# Difference between revisions of "Functor"

m |
APapageorge (talk | contribs) |
||

Line 10: | Line 10: | ||

== Syntax == |
== Syntax == |
||

− | <pre> |
||

+ | <haskell> |
||

class Functor f where |
class Functor f where |
||

fmap :: (a -> b) -> f a -> f b |
fmap :: (a -> b) -> f a -> f b |
||

(<$) :: a -> f b -> f a |
(<$) :: a -> f b -> f a |
||

− | </ |
+ | </haskell> |

=== Minimal Complete Definition === |
=== Minimal Complete Definition === |

## Latest revision as of 22:50, 8 November 2021

The ** Functor** typeclass represents the mathematical functor: a mapping between categories in the context of category theory. In practice a

`functor`

represents a type that can be mapped over.
See also Applicative functor which is a special case of `Functor`

## Contents

## Packages

- (base) Prelude
- (base) Data.Functor
- (base) Control.Monad

## Syntax

```
class Functor f where
fmap :: (a -> b) -> f a -> f b
(<$) :: a -> f b -> f a
```

### Minimal Complete Definition

fmap

## Description

An abstract datatype `f a`

, which has the ability for its value(s) to be mapped over, can become an instance of the `Functor`

typeclass. That is to say, a new `Functor`

, `f b`

, can be made from `f a`

by transforming all of its value(s), whilst leaving the structure of `f`

itself unmodified.

Declaring `f`

an instance of `Functor`

allows functions relating to mapping to be used on structures of type `f a`

for all `a`

.

Functors are required to obey certain laws in regards to their mapping. Ensuring instances of `Functor`

obey these laws means the behaviour of `fmap`

remains predictable.

### Functor Laws

- Functors must preserve identity morphisms
fmap id = id

- When performing the mapping operation, if the values in the functor are mapped to themselves, the result will be an unmodified functor.
- Functors preserve composition of morphisms
fmap (f . g) == fmap f . fmap g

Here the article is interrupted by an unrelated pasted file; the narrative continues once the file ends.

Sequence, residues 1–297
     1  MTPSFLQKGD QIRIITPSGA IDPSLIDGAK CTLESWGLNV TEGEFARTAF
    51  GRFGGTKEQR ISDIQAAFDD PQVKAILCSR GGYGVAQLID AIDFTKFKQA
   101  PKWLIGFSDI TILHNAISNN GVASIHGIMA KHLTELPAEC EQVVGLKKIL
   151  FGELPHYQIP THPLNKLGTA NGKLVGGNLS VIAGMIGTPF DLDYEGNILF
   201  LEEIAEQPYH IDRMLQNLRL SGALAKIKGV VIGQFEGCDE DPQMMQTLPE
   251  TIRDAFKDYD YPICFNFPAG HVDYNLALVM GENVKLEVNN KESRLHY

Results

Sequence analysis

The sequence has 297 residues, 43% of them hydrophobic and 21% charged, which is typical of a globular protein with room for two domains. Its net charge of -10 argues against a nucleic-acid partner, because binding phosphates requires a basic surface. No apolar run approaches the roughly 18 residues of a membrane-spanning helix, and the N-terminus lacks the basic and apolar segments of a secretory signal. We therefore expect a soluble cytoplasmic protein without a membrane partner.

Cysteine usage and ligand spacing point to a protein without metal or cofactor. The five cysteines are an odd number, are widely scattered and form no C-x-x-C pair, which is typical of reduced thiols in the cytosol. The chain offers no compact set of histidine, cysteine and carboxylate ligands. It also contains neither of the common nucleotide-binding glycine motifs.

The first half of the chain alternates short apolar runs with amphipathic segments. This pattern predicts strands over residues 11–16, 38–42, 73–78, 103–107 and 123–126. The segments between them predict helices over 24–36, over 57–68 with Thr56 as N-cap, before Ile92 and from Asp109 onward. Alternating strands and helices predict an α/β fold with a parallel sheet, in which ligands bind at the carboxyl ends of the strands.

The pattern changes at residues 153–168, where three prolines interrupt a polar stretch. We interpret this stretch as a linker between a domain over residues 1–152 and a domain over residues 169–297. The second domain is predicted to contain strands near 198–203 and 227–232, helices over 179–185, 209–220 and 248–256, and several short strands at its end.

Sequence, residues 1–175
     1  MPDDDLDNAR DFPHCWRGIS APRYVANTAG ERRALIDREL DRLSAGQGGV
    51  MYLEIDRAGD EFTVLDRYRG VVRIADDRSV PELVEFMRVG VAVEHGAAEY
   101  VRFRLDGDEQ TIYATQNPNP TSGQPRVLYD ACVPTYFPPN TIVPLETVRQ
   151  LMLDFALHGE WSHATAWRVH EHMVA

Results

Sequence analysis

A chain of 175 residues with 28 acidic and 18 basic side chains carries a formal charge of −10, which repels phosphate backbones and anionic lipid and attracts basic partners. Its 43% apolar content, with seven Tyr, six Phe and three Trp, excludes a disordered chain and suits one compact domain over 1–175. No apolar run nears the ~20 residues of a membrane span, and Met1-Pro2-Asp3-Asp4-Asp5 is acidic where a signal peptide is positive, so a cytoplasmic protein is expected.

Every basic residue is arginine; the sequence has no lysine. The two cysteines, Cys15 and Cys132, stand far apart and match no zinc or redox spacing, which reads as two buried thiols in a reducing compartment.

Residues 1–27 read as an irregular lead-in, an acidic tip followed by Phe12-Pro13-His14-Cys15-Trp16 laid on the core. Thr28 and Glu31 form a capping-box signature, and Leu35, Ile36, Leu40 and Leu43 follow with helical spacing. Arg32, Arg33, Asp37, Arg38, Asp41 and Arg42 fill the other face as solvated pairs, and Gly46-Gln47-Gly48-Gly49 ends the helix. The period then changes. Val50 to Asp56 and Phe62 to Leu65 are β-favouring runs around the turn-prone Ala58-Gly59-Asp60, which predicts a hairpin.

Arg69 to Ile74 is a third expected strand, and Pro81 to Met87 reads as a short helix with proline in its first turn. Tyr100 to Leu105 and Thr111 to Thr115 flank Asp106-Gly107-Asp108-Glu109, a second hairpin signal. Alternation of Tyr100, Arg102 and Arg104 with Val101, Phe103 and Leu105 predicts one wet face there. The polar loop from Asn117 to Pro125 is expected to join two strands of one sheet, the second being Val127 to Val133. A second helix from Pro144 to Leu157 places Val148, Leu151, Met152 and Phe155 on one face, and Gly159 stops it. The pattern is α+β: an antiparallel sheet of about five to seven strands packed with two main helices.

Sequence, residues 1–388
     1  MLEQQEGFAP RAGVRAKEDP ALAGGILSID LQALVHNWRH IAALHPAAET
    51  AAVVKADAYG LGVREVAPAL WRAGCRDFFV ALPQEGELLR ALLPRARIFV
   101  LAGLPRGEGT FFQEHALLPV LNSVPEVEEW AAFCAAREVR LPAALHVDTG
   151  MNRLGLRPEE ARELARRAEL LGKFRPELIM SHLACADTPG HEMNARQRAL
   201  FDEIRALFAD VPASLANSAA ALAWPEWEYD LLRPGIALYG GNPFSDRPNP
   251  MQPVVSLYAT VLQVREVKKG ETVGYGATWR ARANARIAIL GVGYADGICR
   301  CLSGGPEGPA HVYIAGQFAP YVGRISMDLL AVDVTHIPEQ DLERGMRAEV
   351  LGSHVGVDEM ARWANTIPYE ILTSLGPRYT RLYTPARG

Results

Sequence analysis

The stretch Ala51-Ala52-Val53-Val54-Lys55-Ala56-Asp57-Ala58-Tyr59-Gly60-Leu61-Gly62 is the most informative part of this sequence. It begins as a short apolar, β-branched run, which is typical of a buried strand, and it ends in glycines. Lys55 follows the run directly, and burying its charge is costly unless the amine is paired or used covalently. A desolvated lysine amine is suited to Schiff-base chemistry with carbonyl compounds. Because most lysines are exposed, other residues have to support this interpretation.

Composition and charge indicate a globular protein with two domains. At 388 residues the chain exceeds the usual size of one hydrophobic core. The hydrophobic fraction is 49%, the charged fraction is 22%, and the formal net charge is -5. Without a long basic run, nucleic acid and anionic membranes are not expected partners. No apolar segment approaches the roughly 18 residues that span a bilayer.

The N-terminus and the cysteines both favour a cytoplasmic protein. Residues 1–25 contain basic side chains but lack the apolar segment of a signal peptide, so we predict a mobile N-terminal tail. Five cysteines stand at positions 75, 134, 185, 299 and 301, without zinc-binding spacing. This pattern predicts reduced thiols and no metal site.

- If two sequential mapping operations are performed one after the other using two functions, the result should be the same as a single mapping operation with one function that is equivalent to applying the first function to the result of the second.

These two laws ensure that functors behave the way they were intended. The values of the functor are only modified by the function provided to the mapping operation. The mapping operation by itself does not modify the values in the functor, only the function. The structure of the functor remains unchanged and only the values are modified. `fmap`

returns an identical functor as the original, with its values swapped to the result of calling a given function with the original value as an argument.

## Methods

fmap :: (a -> b) -> f a -> f b

- Create a new
`f b`

from an`f a`

using the results of calling a function on every value in the`f a`

.

(<$) :: a -> f b -> f a

- Create a new
`f a`

from an`f b`

by replacing all of the values in the`f b`

by a given value of type`a`

.

## Related Functions

($>) :: f a -> b -> f b

- Create a new
`f b`

, from an`f a`

by replacing all of the values in the`f a`

by a given value of type`b`

.

(<$>) :: (a -> b) -> f a -> f b

- An infix synonym for Data.Functor.fmap

void :: Functor f => f a -> f ()

- create a new
`f ()`

from an`f a`

by replacing all of the values in the`f a`

by`()`